By Ron VandenBoom
Lt. Gov. Judy Martz, Republican candidate for governor, and her running mate, House Majority Whip Karl Ohs, stopped in Havre Wednesday to deliver one of 13 speeches she will be making in a three-day, state-wide blitz to unveil her economic plan to improve Montana's economy.
Called the J.O.B.S. Plan, standing for Jobs and Opportunities for a Better State, Martz told her Havre audience that nobody in Montana is proud of the fact that the state is at the bottom of per capita income first in the number of Montanans who hold multiple jobs to make ends meet.
The solution, according to Martz, is a plan that will remove barriers for business growth, reduce the regulatory burden on business, prioritize high tech and telecommunications development, infrastructure needs, and bring fair, balanced, and responsible use to Montana's natural resources.
The Martz plan also calls for the reduction of taxes and improving education by increasing pay and making teachers and students more accountable, and promoting vocational education and high-tech career preparation.
"There is no greater issue facing Montana than that of job creation and economic growth," Martz told the crowd, noting that the responsibility needs to lay directly on the governor.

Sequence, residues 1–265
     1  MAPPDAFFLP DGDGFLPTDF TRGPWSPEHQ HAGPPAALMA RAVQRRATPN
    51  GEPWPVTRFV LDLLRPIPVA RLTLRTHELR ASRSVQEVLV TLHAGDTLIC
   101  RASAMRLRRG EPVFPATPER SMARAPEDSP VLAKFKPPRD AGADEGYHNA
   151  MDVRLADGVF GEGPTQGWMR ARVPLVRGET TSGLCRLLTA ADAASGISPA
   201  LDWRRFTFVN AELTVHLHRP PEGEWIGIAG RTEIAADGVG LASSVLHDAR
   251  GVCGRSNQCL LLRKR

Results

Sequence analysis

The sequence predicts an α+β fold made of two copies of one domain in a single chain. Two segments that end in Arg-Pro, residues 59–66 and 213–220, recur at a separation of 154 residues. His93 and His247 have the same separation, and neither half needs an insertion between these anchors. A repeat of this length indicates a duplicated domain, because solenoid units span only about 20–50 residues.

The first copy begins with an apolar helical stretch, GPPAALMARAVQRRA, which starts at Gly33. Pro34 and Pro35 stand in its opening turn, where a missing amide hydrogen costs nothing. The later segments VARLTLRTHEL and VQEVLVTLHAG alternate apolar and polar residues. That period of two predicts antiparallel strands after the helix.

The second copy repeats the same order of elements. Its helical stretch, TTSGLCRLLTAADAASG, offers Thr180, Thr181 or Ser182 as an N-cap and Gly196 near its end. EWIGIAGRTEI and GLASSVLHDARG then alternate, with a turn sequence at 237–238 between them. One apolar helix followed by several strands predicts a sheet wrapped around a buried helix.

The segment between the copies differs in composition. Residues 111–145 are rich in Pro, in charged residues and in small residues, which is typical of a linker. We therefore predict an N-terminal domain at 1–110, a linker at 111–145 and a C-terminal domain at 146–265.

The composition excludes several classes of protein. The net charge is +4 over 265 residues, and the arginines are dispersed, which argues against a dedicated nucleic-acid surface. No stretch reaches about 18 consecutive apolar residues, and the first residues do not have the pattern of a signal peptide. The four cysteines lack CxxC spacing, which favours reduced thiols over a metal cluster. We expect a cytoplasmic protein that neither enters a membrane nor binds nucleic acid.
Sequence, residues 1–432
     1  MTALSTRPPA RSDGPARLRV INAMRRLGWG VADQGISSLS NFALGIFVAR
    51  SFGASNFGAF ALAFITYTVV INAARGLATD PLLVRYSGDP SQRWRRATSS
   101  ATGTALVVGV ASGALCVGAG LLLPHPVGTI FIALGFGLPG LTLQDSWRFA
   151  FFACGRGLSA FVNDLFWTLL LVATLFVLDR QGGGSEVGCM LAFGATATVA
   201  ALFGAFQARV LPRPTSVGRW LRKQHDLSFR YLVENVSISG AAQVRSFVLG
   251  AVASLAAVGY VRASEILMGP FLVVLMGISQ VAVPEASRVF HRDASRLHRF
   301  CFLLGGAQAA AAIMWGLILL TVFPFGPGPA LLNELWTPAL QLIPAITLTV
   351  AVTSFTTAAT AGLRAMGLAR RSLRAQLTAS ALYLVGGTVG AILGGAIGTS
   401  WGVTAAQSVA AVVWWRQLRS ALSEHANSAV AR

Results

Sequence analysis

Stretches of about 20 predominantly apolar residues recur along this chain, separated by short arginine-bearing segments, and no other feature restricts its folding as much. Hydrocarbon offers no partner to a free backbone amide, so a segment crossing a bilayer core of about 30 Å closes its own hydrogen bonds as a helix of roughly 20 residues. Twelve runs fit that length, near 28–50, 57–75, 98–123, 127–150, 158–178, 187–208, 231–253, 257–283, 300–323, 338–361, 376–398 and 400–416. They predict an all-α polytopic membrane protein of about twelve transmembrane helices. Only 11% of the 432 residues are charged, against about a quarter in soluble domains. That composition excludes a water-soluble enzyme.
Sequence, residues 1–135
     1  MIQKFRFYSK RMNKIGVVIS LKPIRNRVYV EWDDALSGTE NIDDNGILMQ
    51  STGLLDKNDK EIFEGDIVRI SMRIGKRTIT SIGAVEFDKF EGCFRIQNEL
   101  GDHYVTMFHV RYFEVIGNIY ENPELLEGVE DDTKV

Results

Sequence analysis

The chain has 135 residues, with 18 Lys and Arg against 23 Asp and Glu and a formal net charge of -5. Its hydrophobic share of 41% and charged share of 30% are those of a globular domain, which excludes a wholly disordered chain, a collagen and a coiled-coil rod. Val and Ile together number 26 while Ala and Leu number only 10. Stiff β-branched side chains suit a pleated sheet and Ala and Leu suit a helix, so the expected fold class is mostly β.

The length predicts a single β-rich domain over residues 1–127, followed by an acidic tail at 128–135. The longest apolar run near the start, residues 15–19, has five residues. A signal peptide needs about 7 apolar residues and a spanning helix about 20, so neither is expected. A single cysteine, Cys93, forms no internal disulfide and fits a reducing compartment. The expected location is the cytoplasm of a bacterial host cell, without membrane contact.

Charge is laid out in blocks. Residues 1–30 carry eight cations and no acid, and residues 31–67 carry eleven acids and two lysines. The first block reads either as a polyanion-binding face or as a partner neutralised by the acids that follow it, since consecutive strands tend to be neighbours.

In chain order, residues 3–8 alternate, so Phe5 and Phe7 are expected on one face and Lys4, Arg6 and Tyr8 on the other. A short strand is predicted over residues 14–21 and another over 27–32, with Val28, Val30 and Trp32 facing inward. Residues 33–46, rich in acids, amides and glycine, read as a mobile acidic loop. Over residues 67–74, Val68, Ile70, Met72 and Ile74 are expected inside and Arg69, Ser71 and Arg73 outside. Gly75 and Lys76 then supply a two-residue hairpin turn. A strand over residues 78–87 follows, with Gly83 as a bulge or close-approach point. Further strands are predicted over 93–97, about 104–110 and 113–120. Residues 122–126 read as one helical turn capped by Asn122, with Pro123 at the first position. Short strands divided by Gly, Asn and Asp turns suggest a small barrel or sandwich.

She said Montana needs to make it easier to start businesses in Montana and promised to create an office directly connected to the governor's that is responsible for guiding new businesses through the regulatory, tax, financing and permitting process.
Martz promised to try and consolidate loan, grant and incentive programs under one umbrella and reinvest some of Montana's coal tax money from Wall Street onto Montana's main streets. She also said she wants a reasonable, responsible and balanced approach to resource extraction.
The plan also commits itself to Vision 2005 and the goal of doubling the value of Montana's agricultural products through diversification and value added raw commodities.
"We can open new markets and new opportunities for our producers," she said.
Martz said she also recognizes that change is inevitable and "we have to be courageous enough to embrace change, not run from it."
She announced that she wants to implement a five-year tax credit for Montana's high tech companies who want to expand or new high-tech business that want to come to Montana.
Rob Natelson, Martz's Republican opponent for governor, said yesterday that he was disappointed by the small size of the Martz tax reduction and said the plan fails to address "either the need to return the current $1111 million state budget surplus to the people or the needed to reduce Montana's marginal income and capital gains tax rates, which are the highest in the nation."
He also referred to the plan as "a recycled unkept promise," and "the same governnment-driven approach to economic development Montana politicians have used, unsuccessfully, for the past 30 years."
He accused the plan of significantly increasing the size and cost of government.
Ohs responded to Natelson's charges after Martz spoke Wednesday simply by saying "he's throwing darts."
Ohs acknowledged that Natelson has no economic plan of his own and that taking shots at JOBS was to be expected.